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William Ellis: Music On A Chink Of Light

Ian Patterson By

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"When it's over, it's a shake of hands and away. An exchange has taken place, a quite profound exchange. There's an affinity, for that person to be so giving of themselves. I love that intimacy. It fascinates me what people give out, and how they give it out to you and how you respond to it. It's what photography's about for me—it's an exploration of people. You're actually photographing yourself in a way, because it's the way you see things. It's like a mirror almost."



When it comes to photographic influences in addition to Karsh, Roy De Carava is one of the first names that springs to Ellis' lips. "I think he was the first Afro-American to have photographs purchased by Steichen in the Museum of Modern Art New York photography section there. He made massive steps for photography in the art world and also for Afro-Americans to be lionized in these establishment areas.

"His work was Harlem life. It's a document of a lifestyle because he was living it on the inside. When you see his work—The Sound I Saw (Phaidon, 2001) or The Sweet Flypaper of Life (Simon & Schuster, 1955) your jaw will drop—it's got so much spirit, humanity and warmth. It's very significant, profound photography.

"Then you've got people like William Gottlieb and Herman Leonard and those guys, and Lee Friedlander, who did a killer book on different genres of American music. He's better known as an art photographer now. In terms of jazz photography, probably Herman Leonard, because he's the other side of the coin to Roy DeCarava; Roy's work was real life and Herman's is more studied, more composed."

Although Ellis would shy away from any comparison with the likes of Leonard or DeCarava, his own talents have received notable recognition. Ellis was invited by the American Jazz Museum in Kansas to produce its inaugural International Exhibition in 2005, an honor which still humbles Ellis today.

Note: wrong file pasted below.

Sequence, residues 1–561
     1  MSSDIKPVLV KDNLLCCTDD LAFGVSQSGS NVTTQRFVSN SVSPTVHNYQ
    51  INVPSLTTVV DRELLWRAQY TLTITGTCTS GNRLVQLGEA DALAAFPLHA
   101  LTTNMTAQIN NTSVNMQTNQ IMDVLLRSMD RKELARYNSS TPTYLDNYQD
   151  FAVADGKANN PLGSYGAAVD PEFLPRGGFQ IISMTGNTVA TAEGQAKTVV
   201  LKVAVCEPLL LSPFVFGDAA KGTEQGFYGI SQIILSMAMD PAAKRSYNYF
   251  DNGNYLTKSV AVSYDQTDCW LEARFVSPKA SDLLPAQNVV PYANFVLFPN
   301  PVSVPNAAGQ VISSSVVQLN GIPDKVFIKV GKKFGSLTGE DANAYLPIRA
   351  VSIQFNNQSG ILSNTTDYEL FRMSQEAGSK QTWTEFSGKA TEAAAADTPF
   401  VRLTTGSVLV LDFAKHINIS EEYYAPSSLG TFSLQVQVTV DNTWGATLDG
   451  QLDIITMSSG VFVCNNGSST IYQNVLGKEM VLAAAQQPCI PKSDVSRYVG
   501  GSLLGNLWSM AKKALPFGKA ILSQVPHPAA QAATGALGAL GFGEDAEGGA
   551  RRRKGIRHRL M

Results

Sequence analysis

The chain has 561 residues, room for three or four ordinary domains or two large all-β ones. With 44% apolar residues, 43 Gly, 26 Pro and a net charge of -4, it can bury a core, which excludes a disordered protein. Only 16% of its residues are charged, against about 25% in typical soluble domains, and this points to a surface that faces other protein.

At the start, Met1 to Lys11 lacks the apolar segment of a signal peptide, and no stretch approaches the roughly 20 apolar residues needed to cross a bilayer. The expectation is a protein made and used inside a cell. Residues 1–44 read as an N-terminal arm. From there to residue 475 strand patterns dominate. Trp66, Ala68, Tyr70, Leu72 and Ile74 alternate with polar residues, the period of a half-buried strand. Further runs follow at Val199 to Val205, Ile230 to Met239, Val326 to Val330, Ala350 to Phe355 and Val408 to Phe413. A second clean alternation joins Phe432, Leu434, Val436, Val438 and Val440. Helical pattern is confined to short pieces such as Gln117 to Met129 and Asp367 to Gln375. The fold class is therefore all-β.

"It knocks me out to feel part of creating the visual heritage of music and to be recognized in the States. It's indicative of the outlook of jazz—no nations, no borders— that a guy from England should be invited to produce the inaugural International Exhibition at the American Jazz Museum, in Charlie Parker's home town. I feel enormously privileged."

The American Jazz Museum recognizes Ellis' talent and the role he plays in portraying and recording this greatest of musical art forms, and has supported him in giving presentations of his work in Hong Kong and Penang, where this interview took place.

In addition, Ellis was invited to serve on the committee of the Milt Hinton Award for Excellence in Jazz Photography, where he sits alongside the legendary Herman Leonard. Ellis invited Leonard to attend the opening of another exhibition of his work at the American Jazz Museum in 2008: Jazz in Black and White: Bebop and Beyond. "He wrote back saying he couldn't attend," Ellis recalls, "but sent me a lovely note which read: 'Beautiful images; glad to see someone younger has the eye. Herman.'"

Ellis has plenty of good stories about his years photographing jazz artists all over the world, and plenty of photos, too, showing the lighter side of the subjects of his photos: "I went to see Herbie Hancock in Manchester. He was introducing his band—a really hot band, of course —saying he's the leader of this band, and he's just won an Emmy for this, that and the other, and when he comes to the harmonica player, Gregoire Maret, he says: 'All he has to do is turn up with his harmonica, and that's it.' Everybody laughs and then he says: 'Mind you, I don't have to bring the piano.' He's got a ten-ton truck carrying around his concert Grand. And you could see the thought had just occurred to him. It just cracked me up."



Ellis recognizes an affinity between playing jazz and doing jazz photography—two art forms which are carefully constructed yet which contain freedom, movement, spontaneity and inspiration. "Jazz to me feels in some way like a concept," explains Ellis. "It's a manifestation of feelings and attitude, but there's nothing there until it happens, and for me that's the same with a photograph. You have to have butterflies in the stomach to really go and do it. Every time I pick up a camera I have the same feeling, I imagine. I'm not a jazz musician, though I played in bands as a kid, so I have a little insight into how it feels.

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